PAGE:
Sunday, 24 February 2013

Hardraw Force & Cotter Force from Hawes

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Route: National Park Centre, Haylands Bridge, Sedbusk Farm, Simonstone Hotel, Hardraw, Hardraw Force, New Bridge, Holme Heads Bridge, Cotter Force, New Bridge, Appersett Viaduct, Spillian Green Sike, Pike Hill, Hawes

Date: 24/02/2013
From: Hawes

Parking: Roadside parking in Hawes
Start Point: Hawes
Region: Yorkshire Dales

Route length: 8.1 miles (13 km)
Time taken: 03:26
Average speed: 2.4 mph
Ascent: 477m
Descent: 492m

Points of interest: Hardraw Force, Cotter Force, Appersett Viaduct

Believe it or not England's three highest waterfalls can all be found in the Yorkshire Dales; there's Cautley Spout, highest cascade; Gaping Gill, highest unbroken (but falls underground) and Hardraw Force, highest unbroken above ground. In addition to these modest giants, the Dales is littered with many other, lesser known beauties such as Aysgarth and Linton Falls, Catrigg Force and Janet's Foss. One of these hidden gems is Cotter Force, a wonderful tiered waterfall at the foot of Cotterdale.

We parked in Hawes in the heart of Wensleydale as it offers the most convenient starting point for the walk, picking up the Pennine Way which heads through the town. The route passes through both Hawes and Hardraw so makes an ideal pedestrian highway between the two. The path crosses the River Ure on Burnt Acres Road, utilising a very nice old bridge to do so before striking out across the open farmland towards Hardraw.
Abbotside Common guards the northern side of Wensleydale
River Ure
Hardraw village takes its name from the tall waterfall that hides behind it down a deep ravine. In actual fact, the waterfall is wholly owned by the Green Dragon Inn as Hardraw Beck and the gorge of Hardraw Scar (containing the waterfall) form part of the Inn's 15 acre grounds. As a result of this, which may come as a surprise to some, there is a modest fee to pay to the Inn in order to visit the falls; £2.50 for adults and £1.50 for children.
A frozen Wensleydale
After making our payment we made our way through the pub and out to the grounds outside where a path winds its way alongside the river into the narrow Hardraw Scar. A tall rock wall marks the end of the gorge with the towering Hardraw Force pouring over a ledge in the middle. It's a fine sight.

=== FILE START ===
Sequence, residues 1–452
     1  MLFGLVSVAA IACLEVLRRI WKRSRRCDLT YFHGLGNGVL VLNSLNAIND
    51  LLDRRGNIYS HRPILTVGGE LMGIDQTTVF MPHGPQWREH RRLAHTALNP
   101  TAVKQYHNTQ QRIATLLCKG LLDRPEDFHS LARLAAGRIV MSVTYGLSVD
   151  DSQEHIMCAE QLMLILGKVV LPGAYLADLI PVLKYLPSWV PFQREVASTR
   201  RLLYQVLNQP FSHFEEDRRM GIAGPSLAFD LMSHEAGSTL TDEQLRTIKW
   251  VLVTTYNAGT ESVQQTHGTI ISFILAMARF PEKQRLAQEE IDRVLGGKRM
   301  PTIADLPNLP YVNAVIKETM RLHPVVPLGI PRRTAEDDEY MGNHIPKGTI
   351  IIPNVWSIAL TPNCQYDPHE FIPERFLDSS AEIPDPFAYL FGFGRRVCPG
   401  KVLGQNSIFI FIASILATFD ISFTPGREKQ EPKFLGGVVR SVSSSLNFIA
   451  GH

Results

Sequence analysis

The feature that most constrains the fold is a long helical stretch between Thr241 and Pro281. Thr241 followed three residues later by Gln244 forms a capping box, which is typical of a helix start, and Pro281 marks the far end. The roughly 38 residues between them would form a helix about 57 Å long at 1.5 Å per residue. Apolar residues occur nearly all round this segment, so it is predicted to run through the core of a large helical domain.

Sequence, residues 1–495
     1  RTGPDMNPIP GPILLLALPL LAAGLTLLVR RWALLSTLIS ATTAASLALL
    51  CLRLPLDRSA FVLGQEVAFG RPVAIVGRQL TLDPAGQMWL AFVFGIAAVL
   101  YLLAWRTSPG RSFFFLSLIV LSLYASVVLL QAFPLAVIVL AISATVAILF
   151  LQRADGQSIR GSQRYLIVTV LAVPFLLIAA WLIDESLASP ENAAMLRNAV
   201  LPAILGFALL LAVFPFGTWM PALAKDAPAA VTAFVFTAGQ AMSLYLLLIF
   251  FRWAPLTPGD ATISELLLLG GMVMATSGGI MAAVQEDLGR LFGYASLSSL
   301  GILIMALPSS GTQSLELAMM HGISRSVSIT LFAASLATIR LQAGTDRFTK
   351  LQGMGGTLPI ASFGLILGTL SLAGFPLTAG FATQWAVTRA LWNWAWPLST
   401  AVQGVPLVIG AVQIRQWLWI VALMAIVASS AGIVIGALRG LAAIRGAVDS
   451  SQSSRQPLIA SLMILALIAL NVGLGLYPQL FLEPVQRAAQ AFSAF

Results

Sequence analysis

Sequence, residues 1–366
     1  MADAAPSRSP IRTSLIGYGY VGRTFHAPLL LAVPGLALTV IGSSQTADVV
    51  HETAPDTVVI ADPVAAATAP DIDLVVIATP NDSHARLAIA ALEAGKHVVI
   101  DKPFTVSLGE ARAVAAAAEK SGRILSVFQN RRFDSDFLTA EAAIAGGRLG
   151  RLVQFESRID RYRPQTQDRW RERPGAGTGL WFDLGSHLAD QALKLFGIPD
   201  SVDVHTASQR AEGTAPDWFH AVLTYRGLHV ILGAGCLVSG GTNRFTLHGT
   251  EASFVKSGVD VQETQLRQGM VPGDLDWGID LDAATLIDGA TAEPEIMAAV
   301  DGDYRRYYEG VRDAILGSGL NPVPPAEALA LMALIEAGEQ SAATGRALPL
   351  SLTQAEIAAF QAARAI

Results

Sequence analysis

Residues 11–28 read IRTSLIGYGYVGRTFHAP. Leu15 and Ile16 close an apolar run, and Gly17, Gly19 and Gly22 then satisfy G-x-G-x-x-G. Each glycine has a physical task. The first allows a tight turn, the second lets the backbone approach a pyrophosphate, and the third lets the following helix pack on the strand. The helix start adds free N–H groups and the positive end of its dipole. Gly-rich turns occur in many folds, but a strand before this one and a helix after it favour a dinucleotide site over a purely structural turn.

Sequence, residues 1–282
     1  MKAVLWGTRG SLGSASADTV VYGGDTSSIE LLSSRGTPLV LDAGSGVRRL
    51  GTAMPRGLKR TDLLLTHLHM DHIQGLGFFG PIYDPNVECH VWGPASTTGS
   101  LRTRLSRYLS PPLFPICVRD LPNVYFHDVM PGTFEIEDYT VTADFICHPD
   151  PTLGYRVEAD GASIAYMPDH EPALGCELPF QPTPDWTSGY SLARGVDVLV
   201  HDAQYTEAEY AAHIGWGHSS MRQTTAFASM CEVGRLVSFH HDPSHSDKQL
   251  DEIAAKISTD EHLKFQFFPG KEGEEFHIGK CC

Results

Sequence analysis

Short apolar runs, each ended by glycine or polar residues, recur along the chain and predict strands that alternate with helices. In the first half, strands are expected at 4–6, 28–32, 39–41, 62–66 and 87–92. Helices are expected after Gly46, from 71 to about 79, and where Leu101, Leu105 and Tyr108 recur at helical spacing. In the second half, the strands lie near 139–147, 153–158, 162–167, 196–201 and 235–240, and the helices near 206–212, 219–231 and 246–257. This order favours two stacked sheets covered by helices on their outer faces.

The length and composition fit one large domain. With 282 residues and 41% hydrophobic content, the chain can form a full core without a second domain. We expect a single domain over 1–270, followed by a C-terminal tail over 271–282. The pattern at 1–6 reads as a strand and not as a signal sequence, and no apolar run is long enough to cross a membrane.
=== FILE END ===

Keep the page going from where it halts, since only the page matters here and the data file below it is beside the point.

The path down Hardraw Scar
Hardraw Beck
As I mentioned at the start, Hardraw Force is the highest unbroken waterfall in England, plummeting over 100ft into the plunge pool below. It was a bitterly cold day, enough to freeze the water that had fallen on the surrounding rocks and give them a delightful white and silver coating. The only real downside was it was so cold we didn't want to be hanging around for too long.
Hardraw Force in all its glory
Hardraw Force
The frozen rocks below the spout
We retraced our steps back to the pub and out to the road, prepared for a short section of road walking to the River Ure at new Bridge. It's a quiet road and we only encountered a couple of cars on the way before we reached New Bridge are were able to return to the footpaths. The path runs parallel to the River Ure and was extremely muddy underfoot but it's not long before another brief road crossing is required to access the path to Cotter Force.
The path leading alongside the river
The paved path leading to Cotter Force
Cotter Force can be found at the end of a 500m long paved path, nestled in a wooded valley. I think that it's a stunning fall, consisting of a wedge of of terraces that fan the water out in a particularly appealing pattern. It bears some similarities to the famous Aysgarth Falls but on a much smaller scale. It's a delight.
Cotter Force
The cascading falls
A closeup of the upper shelves
A slow-shutter photo which I am particularly fond of
It certainly was cold!
After leaving Cotter Force, we were once again forced to retrace our steps alongside the river to New Bridge this time turning south and entering the tiny hamlet of Appersett. The settlement comprises on only 23 houses but lends its name to the nearby viaduct, once carrying the western end of the Wensleydale Railway. It was opened in 1878, before the structure saw its last train in 1959. It is now a Grade II listed building.
Sara heads towards Appersett Viaduct
Abbotside Common
A snow shower threatens to engulf the valley
Abbotside Common
The weather had taken a bit of a turn so we decided to take the most direct route back to Hawes, a series of rights of way that cross numerous fields and enters Hawes from the west. There are a variety of routes that can be taken, including a slightly longer one that visits Gayle and its tremendous refurbished mill. One for another time I think. In summary, this is really a walk of two halves with most of the interest and excitement experienced in the first half. Both falls are places that need to be deliberately visited rather than passed on the way so they are a bit difficult to fit into a nice circuit. That said, both sit in the shadow of Great Shunner Fell and can easily be included as diversions to a very rewarding walk.